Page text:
Advancements In Bone And Joint Research
Research and Innovations Bone and joint disorders are among the most common chronic conditions experienced by Canadians, affecting 4.6 million people today.
Arthritis affects one in eight people. Without research this number is expected to double within the next generation, resulting in 10 million people across the country suffering from debilitating pain and limited mobility. Researchers at the McCaig Institute for Bone and Joint Health understand the impact of arthritis on the individual and on society.
Research in motion
Early and accurate diagnosis is now possible through innovative methods. MRI and CT imaging and high resolution scanning are used to detect early onset of disease. The discovery of protein markers in blood to detect progression of several autoimmune diseases has led to the development of patient-specific profiles that allow for early diagnosis and intervention, impacting the long-term outcomes for the patient. This discovery has also led to the development of an early diagnostic tool for arthritis, the first in the world. State of the art equipment using high speed X-rays to study human motion clarifies how mobility is altered by injury and disease, and is helping us to generate new interventions.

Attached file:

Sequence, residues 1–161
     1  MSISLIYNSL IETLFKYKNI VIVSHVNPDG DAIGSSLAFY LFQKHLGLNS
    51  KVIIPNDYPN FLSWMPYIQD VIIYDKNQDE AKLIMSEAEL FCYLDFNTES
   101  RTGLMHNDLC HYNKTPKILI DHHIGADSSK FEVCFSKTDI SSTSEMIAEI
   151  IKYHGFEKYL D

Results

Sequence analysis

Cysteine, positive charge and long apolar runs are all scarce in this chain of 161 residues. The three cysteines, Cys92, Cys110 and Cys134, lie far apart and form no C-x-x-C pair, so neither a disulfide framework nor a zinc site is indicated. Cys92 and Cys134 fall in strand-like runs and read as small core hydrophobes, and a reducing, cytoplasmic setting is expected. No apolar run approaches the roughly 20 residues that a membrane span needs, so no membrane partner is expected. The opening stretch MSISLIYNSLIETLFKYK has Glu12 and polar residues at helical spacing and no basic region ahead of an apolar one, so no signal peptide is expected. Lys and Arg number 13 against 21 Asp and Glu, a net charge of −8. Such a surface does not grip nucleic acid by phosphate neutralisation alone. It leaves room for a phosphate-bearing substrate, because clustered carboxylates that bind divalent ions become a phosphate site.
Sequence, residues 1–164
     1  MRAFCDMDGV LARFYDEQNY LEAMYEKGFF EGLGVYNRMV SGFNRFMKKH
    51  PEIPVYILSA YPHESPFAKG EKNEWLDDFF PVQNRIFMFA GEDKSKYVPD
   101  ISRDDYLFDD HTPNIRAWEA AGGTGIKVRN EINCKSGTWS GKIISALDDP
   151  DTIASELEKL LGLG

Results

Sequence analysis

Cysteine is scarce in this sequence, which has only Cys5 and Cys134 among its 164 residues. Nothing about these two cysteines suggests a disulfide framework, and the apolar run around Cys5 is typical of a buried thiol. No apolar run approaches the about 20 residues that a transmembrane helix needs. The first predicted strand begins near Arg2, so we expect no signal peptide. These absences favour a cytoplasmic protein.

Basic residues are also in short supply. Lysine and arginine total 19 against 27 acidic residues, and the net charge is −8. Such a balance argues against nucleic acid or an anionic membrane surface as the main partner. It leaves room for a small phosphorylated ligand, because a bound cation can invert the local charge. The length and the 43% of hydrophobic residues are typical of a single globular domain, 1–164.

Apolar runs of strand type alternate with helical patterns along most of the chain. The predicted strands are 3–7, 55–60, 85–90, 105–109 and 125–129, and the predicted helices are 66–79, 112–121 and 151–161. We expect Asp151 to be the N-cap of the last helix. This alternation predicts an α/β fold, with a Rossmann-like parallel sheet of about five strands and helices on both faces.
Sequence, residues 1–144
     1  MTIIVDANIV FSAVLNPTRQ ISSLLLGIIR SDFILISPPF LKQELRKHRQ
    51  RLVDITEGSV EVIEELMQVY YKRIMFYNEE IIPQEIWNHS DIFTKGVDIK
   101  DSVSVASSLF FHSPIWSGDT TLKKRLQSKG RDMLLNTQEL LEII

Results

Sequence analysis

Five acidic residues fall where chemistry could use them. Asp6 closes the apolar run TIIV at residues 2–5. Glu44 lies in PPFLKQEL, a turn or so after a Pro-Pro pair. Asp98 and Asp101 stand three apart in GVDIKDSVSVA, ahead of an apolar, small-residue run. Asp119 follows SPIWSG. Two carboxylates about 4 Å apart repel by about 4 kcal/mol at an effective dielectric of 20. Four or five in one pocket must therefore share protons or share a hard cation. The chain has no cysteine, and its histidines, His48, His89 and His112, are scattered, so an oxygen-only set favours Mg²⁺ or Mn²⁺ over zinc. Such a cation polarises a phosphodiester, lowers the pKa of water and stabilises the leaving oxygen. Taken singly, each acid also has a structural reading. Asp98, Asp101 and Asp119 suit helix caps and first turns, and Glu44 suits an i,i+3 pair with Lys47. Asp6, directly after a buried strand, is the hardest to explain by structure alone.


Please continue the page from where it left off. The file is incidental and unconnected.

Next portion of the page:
Our researchers are augmenting their efforts by developing the Mobility and Joint Health Facility. This clinical facility will combine powerful technologies including biomarker analysis, motion analysis, and advanced diagnostic imaging, making this the only facility of its kind on the world.
It’s important to forge forward and put into practice discoveries and new innovations quickly to improve Canadians’ health and wellness.